Background Investigations

Consequences of Lying or Withholding Information During a Background Investigation

When filling out the Questionnaire for National Security Positions (SF-86) there is a section right after the instructions you have to acknowledge as having read.  It states “I have read the instructions and I understand that if I withhold, misrepresent, or falsify information on this form, I am subject to the penalties for inaccurate or false statement (per U.S. Criminal Code, Title 18, section 1001), denial or revocation of a security clearance, and/or removal and debarment from Federal service.”

The security clearance background investigation process falls under federal guidelines, therefore any criminal charges must be filed in a Federal District Court by the charging agency. If convicted, the criminal penalties include fines of up to $10,000 and/or imprisonment up to five years. So why don’t we hear of anyone (other than background investigators) getting charged with and convicted for this offense? The reason most instances of falsification or misrepresentation on clearance applications do not result in criminal charges is simple. First, Office of the Inspector General Special Agents or that specific agency’s law enforcement officers have a big workload with more serious or higher priority investigations to pursue, so unless there are other criminal charges involved they most likely will not pursue it. Second, Federal prosecutors also have an enormous workload and don’t want to spend the resources, time and effort on these types of case.

So where does that leave us as far as punishing the individual? The deciding agency or organization who discovered the violation, after affording the individual due process, has a few options available. The agency can just leave it as a simple security clearance denial or revocation and the individual will still be eligible to apply for other non-sensitive positions within that agency or they can also debar the individual from eligibility for all positions within that agency for a period of up to three years. The agency can also submit a request to OPM for them to initiate action to debar the individual government-wide, but considering the levels of bureaucracy and time involved, this rarely happens.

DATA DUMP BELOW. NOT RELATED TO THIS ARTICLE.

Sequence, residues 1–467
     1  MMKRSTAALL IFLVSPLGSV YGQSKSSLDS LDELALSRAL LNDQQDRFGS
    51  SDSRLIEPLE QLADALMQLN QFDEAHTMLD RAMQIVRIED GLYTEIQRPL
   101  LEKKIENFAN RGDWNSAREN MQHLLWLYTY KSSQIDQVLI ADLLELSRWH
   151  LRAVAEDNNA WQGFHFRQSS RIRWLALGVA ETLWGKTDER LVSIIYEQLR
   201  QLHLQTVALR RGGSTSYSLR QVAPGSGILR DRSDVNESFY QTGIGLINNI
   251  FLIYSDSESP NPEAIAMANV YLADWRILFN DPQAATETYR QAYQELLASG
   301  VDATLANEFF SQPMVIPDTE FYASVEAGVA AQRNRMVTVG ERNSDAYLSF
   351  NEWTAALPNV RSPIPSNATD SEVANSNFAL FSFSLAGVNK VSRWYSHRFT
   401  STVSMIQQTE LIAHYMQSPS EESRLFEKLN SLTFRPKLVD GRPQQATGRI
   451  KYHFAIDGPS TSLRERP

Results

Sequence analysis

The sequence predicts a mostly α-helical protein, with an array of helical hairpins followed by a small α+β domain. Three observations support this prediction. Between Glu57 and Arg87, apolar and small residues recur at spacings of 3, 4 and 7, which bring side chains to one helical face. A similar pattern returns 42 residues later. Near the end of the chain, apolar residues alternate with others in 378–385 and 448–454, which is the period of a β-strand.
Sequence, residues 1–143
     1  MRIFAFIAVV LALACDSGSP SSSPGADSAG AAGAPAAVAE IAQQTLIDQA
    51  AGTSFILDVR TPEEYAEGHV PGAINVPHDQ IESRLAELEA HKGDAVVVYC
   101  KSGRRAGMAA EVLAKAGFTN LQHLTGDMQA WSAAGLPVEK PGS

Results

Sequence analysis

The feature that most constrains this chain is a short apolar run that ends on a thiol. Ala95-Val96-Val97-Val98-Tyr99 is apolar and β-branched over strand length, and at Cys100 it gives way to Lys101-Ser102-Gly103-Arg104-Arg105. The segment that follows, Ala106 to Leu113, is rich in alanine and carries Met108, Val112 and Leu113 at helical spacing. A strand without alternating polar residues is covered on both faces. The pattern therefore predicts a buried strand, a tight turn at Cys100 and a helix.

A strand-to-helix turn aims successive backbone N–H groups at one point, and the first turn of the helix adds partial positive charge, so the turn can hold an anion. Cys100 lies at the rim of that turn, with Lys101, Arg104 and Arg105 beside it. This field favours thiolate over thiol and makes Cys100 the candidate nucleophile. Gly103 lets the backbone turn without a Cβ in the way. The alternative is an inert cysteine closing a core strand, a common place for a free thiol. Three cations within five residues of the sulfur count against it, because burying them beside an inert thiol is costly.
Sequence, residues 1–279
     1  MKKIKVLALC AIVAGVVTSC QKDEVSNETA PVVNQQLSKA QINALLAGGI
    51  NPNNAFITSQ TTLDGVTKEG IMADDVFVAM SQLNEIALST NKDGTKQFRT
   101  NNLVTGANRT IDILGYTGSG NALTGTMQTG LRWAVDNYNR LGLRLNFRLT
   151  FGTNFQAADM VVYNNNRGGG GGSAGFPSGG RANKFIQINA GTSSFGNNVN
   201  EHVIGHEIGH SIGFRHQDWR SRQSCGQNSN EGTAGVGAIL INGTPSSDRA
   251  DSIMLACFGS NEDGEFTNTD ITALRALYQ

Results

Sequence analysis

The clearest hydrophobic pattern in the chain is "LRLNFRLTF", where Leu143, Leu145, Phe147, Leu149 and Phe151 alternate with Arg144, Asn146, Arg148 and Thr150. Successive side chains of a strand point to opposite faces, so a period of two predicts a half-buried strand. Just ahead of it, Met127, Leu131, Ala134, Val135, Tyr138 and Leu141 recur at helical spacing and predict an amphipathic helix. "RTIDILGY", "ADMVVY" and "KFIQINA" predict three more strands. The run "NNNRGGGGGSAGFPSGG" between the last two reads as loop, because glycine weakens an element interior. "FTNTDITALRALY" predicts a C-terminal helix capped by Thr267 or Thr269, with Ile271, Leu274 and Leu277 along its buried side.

I have seen a few rare cases where criminal charges were pursued, mostly in instances where the falsification was egregious and involved withholding information on serious criminal conduct. In all of these cases the individual was found guilty and convicted of a felony offense. For the rest of the cases, agencies would rather just deny or revoke the individual’s security clearance and terminate their relationship with the agency in order to move on to the next candidate. The caveat for that individual is that now they will have additional adverse information to disclose on any future security clearance application, which may impact them being offered employment.

Comment Archive

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    It’s amazing. For all of the Edward Snowdens and Aaron Alexises of the world, you’d think that more subjects would be prosecuted for violating Title 18 Sec. 1001. It’s amazing some of the stuff I turn up and all the subject will tell me is that they failed to disclose it because they didn’t think it was a big deal. Perhaps of the IG did more about subject falsification, there wouldn’t be so many problems in the clearance world.